Three big communication lessons from 2020

This past year—the 25th for ECPR—has taught the world myriad lessons about life, information, community, business and ourselves. The pandemic broke a lot of things and revealed the cracks in many others. But as some things crumbled away, others were revealed: truisms, worthy virtues and prevailing wisdom.

As professional communicators, we found ourselves at the table with clients in many sectors as they decided not only on their message but their method for adapting in rapidly changing and highly volatile circumstances. While sometimes harrowing, it was an honor to be in their service. Like just about everyone else, I learned a lot and grew more than I thought possible.

These are the communications lessons I took away from 2020:

1. In a crisis, it comes down to if your people care about you.

This year, we all saw a lot of businesses in crisis. Some failed and some floundered. But the ones that survived and even thrived did so in large part because they had done the work beforehand of learning about their workforce and customers—establishing trust and a sense of mutual caring. This was the glue that kept people loyal and as companies had to pivot. Where people cared about the brand, they were willing to follow.

2. Communication is essential.

“Marketing is the first thing to go” people like to quip. But as it turns out, when push comes to shove, communication is a discipline that stands firmly in the middle. In a time when we’re separated physically amid great uncertainty, it is communication that is keeping people informed and confident and productive. That’s kept me thankful to have a meaningful role to play and more certain than ever that what we do is so critical.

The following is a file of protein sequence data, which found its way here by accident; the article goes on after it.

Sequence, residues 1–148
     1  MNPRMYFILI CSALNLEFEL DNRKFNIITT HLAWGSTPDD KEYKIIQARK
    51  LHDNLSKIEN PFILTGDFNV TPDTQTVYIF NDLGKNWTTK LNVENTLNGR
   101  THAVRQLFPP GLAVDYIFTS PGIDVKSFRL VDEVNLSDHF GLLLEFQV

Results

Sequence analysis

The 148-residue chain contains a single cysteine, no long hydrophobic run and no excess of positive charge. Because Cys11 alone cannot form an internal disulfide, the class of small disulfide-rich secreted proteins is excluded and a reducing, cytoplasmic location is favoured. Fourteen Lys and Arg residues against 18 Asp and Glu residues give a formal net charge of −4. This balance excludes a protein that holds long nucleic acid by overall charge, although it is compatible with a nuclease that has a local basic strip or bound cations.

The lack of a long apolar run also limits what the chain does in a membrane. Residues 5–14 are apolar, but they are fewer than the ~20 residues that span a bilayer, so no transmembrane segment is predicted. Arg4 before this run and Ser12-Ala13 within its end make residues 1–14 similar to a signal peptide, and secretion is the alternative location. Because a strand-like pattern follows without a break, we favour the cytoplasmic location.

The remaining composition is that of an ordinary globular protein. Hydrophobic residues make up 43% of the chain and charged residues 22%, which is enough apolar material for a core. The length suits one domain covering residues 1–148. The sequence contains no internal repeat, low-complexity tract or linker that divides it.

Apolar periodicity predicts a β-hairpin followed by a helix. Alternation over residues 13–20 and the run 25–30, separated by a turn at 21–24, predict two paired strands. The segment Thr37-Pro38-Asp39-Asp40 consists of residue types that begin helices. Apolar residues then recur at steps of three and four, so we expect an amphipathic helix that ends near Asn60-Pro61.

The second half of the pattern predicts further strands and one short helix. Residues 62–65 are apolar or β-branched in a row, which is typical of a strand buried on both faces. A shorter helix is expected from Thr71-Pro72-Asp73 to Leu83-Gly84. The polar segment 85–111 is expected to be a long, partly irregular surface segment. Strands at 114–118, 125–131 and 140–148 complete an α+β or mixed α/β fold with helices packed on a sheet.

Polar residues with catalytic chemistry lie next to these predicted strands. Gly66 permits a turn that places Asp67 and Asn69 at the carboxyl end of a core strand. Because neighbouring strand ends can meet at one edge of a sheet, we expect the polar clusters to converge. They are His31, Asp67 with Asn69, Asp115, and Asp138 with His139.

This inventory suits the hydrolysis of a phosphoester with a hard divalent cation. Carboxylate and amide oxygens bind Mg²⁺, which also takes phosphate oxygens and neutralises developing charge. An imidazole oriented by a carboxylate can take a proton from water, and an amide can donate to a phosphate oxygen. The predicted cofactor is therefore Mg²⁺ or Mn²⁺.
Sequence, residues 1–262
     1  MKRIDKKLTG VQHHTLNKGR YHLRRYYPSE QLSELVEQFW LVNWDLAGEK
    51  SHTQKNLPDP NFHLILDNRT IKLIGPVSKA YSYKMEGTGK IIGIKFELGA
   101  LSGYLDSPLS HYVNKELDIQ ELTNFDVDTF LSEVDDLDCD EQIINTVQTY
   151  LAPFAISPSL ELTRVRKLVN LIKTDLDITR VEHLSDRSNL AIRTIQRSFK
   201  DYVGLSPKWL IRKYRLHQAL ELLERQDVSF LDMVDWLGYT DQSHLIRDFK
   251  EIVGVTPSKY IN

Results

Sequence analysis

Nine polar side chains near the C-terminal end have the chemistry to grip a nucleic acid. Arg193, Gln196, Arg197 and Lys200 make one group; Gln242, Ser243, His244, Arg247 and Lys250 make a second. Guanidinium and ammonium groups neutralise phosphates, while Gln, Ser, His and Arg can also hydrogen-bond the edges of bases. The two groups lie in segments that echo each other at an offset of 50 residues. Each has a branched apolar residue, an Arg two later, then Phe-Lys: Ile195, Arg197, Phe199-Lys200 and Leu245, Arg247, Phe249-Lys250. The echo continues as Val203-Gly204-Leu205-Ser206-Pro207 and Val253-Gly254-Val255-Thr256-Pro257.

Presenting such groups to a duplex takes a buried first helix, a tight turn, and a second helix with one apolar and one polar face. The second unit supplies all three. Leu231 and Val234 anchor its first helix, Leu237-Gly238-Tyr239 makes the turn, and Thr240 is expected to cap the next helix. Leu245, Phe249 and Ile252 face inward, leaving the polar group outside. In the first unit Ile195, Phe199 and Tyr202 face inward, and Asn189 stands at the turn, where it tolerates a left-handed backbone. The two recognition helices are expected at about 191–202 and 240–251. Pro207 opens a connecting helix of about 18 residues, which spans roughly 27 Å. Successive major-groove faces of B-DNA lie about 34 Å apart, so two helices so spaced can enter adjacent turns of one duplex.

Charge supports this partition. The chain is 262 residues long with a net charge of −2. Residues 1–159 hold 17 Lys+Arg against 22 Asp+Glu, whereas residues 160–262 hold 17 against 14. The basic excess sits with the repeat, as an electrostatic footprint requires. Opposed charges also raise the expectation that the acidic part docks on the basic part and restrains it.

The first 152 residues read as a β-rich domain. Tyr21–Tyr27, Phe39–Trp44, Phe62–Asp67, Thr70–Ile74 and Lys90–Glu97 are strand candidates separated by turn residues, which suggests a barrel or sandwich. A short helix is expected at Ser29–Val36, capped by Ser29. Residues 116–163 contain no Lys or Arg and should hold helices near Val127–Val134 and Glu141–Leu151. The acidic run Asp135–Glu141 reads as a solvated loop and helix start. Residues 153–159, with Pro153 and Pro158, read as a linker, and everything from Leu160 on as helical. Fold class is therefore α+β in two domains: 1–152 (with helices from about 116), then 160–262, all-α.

3. MacGyver had the right idea.

The 1985 series starring Richard Dean Anderson as the guy who could get out of any tricky situation with his ingenuity was fun to watch because it seemed just within the bounds of reason. In 2020, I’ve been reminded of just how cunning people can be. Watching the ECPR team adapt and piece together platforms and new best practices from other fields with their innovative mindset has taught me that the settings and tools are unimportant. What matters in terms of getting things done is keeping the customer’s interests at heart and to feel empowered to turn over every stone (and, if you have to, blow them up with a battery, some chewing gum and a paper clip).

Headed into another year that we know will hold uncertainty and hardship—albeit with an injection of optimism—I will take with me a sense of gratitude, humility and a spirit of flexibility.

There’s nothing we can’t accomplish so long as we keep a fluid mentality and view nothing as fixed except perhaps our determination to carry on.​

David Wyatt is a senior vice president at ECPR.

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